Daisy Dunn, St Hilda's 2005; Now a writer
I came up to Oxford to read Classics armed with a Latin dictionary, a box of empty ring-binders, and a pink kettle. When I went down in 2009, I had twelve over-filled files, stacks of student newspapers I couldn’t throw away,and, resting on top, the ‘soft cap’ I chose in preference to the mortar board for taking to the university examinations. Seeing my accomplishments piled up like that only blurred the memories of what life had been like as an undergraduate.
There was no room in the car boot for the hours I had spent tracking down articles in the Sackler Library, or listening to lectures on the Homeric Question in Schools, or handling priceless Greek vases and Roman casts, and editing copy in the frantic newspaper offices on St Aldate’s. I studied both Greek and Latin as part of the course, and really enjoyed the opportunity to take papers in Homer and Ovid, as well as in Roman history, art, and the Reception of Classics in twenty-first century poetry. By the end of the final year I wanted to look at the subject from a different perspective, and won a scholarship to study for an MA in Art History of Renaissance Italy at the Courtauld Institute in London. After a break, this led me to embark upon a part-time PhD in the relationship between the two worlds, the ancient and the Renaissance, at UCL, where I was lucky enough to be awarded funding from the AHRC. At the same time I worked as Executive Officer of JACT, which supports the teaching of Classics in schools,and as a journalist. I completed my PhD in 2013. Today I work full time as a writer and critic, and remain involved in the work of JACT and the Classical Association. My first book is very much inspired by the topics I studied as a Classics undergraduate at Oxford.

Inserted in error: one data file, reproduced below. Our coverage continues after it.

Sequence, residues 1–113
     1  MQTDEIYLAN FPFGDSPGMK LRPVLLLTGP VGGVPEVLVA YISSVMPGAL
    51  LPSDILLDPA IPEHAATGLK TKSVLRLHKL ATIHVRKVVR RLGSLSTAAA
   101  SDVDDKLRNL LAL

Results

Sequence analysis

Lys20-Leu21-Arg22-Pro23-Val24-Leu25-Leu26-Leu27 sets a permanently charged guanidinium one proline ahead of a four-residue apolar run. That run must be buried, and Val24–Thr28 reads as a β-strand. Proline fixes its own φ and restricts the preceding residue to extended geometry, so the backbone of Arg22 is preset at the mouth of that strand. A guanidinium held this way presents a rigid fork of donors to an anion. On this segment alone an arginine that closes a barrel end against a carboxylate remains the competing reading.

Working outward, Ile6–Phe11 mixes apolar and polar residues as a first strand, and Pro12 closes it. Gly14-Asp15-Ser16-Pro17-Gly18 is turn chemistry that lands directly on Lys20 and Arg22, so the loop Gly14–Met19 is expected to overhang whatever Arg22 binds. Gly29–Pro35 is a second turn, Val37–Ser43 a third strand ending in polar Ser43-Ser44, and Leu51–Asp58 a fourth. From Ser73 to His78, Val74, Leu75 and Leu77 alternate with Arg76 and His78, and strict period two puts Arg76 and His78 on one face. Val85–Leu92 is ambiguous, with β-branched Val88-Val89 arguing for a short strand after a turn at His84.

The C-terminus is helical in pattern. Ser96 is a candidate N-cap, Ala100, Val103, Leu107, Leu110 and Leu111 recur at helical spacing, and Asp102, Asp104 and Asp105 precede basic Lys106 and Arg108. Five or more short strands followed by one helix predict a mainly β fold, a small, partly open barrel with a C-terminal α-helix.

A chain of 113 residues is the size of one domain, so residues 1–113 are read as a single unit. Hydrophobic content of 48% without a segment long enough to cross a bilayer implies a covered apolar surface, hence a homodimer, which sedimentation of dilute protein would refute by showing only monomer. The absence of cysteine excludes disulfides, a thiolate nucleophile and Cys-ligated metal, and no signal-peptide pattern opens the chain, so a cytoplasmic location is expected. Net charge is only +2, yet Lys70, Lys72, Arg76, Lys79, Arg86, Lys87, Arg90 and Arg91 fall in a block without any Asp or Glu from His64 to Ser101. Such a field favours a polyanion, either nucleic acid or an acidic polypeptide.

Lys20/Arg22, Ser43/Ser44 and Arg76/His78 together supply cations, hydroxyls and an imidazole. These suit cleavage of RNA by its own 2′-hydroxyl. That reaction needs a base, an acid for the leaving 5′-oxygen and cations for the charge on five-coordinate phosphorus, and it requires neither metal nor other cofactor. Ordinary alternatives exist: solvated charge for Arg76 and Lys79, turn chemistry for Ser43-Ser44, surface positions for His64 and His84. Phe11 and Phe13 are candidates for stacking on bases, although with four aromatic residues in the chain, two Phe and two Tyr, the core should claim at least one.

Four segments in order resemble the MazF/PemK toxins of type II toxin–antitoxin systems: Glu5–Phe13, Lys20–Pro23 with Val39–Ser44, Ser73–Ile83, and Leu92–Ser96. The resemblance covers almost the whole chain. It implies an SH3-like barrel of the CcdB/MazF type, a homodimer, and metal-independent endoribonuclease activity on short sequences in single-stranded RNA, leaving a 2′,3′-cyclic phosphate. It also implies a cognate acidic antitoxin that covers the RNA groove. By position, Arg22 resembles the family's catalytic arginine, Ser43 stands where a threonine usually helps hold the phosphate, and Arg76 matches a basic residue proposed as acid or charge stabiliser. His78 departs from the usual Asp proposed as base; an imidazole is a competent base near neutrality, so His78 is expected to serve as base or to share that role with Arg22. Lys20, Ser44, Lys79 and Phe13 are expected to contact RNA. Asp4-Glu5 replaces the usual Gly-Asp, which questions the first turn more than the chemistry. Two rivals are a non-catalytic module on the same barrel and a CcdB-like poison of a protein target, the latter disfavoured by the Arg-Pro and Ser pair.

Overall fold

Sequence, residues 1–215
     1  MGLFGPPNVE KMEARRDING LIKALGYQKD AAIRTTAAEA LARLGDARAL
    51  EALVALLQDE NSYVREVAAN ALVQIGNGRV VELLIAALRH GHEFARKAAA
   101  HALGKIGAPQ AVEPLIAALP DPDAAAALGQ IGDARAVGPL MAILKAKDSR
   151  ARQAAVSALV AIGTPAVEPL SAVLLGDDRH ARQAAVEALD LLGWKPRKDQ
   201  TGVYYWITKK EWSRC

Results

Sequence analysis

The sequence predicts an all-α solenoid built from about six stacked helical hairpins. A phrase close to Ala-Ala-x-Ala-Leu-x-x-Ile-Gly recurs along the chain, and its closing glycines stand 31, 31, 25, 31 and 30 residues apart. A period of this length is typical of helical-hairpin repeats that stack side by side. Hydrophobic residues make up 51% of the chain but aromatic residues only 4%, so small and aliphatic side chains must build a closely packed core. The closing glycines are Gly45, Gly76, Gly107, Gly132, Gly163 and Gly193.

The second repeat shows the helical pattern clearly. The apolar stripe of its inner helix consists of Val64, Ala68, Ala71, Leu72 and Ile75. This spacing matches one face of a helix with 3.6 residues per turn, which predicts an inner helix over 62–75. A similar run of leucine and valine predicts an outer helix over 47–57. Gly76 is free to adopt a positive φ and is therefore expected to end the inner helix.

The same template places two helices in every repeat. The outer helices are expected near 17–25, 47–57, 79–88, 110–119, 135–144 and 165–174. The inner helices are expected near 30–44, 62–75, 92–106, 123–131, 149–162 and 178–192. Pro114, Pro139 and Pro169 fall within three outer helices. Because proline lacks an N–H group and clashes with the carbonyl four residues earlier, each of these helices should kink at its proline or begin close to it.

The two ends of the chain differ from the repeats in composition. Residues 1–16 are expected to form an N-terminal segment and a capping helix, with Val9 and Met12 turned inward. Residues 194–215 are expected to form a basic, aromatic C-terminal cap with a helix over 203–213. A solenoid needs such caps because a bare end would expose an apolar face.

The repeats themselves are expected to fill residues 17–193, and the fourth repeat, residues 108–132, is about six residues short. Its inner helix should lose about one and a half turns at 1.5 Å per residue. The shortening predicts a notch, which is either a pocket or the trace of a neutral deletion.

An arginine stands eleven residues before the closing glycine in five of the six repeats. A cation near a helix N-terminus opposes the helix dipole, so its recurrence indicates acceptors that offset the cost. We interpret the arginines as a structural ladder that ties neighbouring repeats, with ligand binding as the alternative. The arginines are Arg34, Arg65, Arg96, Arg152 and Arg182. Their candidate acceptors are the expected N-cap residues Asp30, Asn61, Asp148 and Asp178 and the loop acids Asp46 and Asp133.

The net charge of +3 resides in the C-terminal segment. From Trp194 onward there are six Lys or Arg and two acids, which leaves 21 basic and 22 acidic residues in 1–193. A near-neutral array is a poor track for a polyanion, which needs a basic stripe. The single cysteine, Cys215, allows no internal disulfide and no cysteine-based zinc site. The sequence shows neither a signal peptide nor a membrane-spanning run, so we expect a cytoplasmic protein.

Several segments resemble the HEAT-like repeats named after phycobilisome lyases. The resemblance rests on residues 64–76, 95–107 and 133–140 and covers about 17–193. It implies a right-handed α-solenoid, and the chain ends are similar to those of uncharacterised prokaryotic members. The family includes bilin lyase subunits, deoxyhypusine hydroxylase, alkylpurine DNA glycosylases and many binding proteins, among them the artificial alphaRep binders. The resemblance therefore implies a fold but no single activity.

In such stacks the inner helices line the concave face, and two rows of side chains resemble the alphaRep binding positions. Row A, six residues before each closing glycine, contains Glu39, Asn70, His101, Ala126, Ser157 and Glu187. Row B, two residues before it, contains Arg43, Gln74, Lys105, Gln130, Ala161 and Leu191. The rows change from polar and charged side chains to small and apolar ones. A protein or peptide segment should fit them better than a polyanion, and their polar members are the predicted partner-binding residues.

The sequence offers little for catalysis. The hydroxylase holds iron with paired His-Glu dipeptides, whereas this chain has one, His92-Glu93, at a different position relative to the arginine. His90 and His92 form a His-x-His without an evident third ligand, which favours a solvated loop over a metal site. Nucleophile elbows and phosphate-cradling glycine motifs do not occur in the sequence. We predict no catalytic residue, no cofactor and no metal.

Joanna Dirmikis, Magdalen College 1997; Now a qualified barrister
My passion for Greece,drama and history drew me to studying Classics. Oxford was an obvious choice because it has the best reputation in the subject and Magdalen was the obvious college for me because of having Professor Oliver Taplin, a world expert in Ancient Greek theatre. I have very fond memories of the tutorial system at Oxford and the theatrical performances I acted in and directed whilst I was a student at Oxford.
Studying Classics helped me hone some of the skills I still use today for my work as a barrister -forensic analysis of huge amounts of information, honing arguments on one side or another, interpreting and weighing evidence and asking and trying to answer some very challenging questions. But it also gave me a bedrock of knowledge which I can always go back to and build on if I want to. I am still fascinated by the Ancient World, still love all things Classical and I am so glad I decided to study what I did. It has made me a better lawyer and hopefully a more interesting and well-rounded person !
Douglas Reith, Christ Church 1989; Now an actor